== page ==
“He’s our chandelier to bring the light,” Williams sings. He explains: “I wanted a metaphor for this guy who brought light to these often dark spaces, those rooms you’re often signing contracts in. The man was like a beautiful chandelier of great will.”
“I’m Standing With You” from “Breakthrough”
Veteran songwriter Diane Warren, Oscar-nominated 10 times so far without a win (despite such movie megahits as Aerosmith’s “I Don’t Want to Miss a Thing” and Celine Dion’s “Because You Loved Me”), is vying for an 11th with the upbeat anthem “I’m Standing With You” from the faith-based film “Breakthrough.”
“I loved the movie,” Warren says. “It’s so positive. It’s a true story about a real miracle. We live in real divisive times, when we could use a lot of miracles.” Chrissy Metz stars as a brash, assertive mom whose adopted son amazed doctors by surviving a near-death experience after a fall into an icy Missouri lake.
Surprisingly, the studio and producers pressed for Metz to also sing the song under the end titles. “I had to be talked into using her,” Warren admits. “I didn’t know if she could sing, and we could have gotten so many people, like Carrie Underwood or Kelly Clarkson, to sing this song.”
But Warren was convinced when Metz sang the demo. “Chrissy is so believable and authentic, both as an actress and on the song,” the songwriter notes. “It’s so real, you feel the emotion.”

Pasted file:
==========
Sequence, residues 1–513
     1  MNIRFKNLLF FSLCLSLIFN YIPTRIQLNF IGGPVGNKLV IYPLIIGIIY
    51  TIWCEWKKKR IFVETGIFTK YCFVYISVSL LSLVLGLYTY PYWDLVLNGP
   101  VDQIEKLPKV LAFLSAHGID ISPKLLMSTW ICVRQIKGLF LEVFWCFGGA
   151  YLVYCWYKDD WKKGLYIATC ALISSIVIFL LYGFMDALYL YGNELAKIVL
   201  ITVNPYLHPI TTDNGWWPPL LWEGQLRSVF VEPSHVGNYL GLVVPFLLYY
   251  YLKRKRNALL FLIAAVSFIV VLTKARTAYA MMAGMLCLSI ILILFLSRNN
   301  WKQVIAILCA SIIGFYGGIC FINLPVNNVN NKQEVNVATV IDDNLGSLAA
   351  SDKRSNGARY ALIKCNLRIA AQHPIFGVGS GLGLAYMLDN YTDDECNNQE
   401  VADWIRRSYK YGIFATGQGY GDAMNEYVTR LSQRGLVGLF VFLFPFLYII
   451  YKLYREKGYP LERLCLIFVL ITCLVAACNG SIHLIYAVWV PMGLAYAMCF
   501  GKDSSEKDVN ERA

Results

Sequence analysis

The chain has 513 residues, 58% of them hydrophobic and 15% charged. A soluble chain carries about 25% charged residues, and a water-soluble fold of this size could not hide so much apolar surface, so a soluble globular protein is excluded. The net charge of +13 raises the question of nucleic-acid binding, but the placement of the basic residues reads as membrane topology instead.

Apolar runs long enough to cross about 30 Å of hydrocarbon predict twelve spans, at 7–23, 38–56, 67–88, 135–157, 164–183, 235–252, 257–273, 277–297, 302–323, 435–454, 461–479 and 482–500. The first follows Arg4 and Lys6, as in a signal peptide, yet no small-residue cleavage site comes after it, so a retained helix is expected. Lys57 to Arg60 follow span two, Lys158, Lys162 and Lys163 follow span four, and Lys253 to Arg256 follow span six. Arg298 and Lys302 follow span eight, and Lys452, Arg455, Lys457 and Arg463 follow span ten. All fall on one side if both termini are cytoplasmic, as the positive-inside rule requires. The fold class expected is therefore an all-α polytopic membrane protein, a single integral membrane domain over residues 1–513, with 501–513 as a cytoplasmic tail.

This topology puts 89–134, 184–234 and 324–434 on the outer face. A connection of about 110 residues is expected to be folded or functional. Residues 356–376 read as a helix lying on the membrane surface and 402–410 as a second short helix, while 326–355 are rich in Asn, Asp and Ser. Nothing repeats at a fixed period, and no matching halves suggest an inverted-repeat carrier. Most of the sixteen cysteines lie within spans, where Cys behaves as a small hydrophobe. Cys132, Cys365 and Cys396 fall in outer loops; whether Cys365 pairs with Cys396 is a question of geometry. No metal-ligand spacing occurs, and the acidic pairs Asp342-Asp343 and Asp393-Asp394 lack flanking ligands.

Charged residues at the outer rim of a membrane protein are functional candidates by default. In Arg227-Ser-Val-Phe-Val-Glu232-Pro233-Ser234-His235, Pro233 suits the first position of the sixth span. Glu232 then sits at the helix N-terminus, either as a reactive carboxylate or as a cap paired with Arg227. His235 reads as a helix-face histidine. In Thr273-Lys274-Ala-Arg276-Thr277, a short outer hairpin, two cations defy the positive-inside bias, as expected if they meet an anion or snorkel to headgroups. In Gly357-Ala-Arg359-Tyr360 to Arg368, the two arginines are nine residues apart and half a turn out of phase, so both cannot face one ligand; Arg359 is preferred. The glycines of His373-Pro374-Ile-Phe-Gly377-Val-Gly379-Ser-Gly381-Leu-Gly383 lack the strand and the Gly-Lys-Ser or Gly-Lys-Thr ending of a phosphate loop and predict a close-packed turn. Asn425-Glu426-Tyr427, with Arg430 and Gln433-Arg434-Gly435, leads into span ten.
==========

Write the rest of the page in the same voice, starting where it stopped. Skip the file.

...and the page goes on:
As usual with Warren, she takes a moment from the film and expands it into something universal. “One scene really inspired me, when they all stand up in church. It fit the movie, but then it becomes bigger. It can be about whatever you want it to be — ‘whatever you go through, I’m standing with you.’ I don’t really say what the ‘whatever’ is. I didn’t want to write anything corny. I came up with that chorus and started crying. It’s simple but it says a lot.”
“One Little Soldier” from “Bombshell”
Not every offer to do a movie song works out. Russian-born singer-songwriter Regina Spektor, asked by director Jay Roach to contribute to his film “Bombshell,” cautioned him: “I can’t guarantee anything,” she said, “because I’ve had people show me their film or their script, and I could like it a lot, but I just don’t hear anything. And sometimes I hear something right away.”
The process began two years ago, when she met Roach at a party and he mentioned his planned dramatization of Fox News czar Roger Ailes’ fall after a sexual harassment scandal. She was intrigued: “I told Jay that I wanted to try and write for any project he works on.”
Flash forward to June 2019, and Roach summoned Spektor back to L.A. for a look at the film. “We all laughed and cried, and it had a real impact on me,” she tells Variety. “It stayed with me, and I had little words and melodies floating around in my head.”
With only a few days left before her scheduled return to New York, she worked quickly. “It was all a direct response to the film,” she explains. “You’re providing something for somebody else’s art, so that’s an interesting place to be.” She called Grammy-winning producer John Congleton, and they spent two days in an L.A. studio crafting the final version.
The lyrics of “One Little Soldier” (“You’ve got them real long legs, won’t you tell us a story, doesn’t even matter what you say”) relate directly to Ailes’ behavior as depicted in the film. “It’s very sparse [musically],” Spektor says. “The song is mostly bass and drums. I play some piano and some vintage synths.
“The movie is so smart, and so important, that’s it just very cool to be a part of it,” she adds. “I love when people can talk about art, and then art happens.”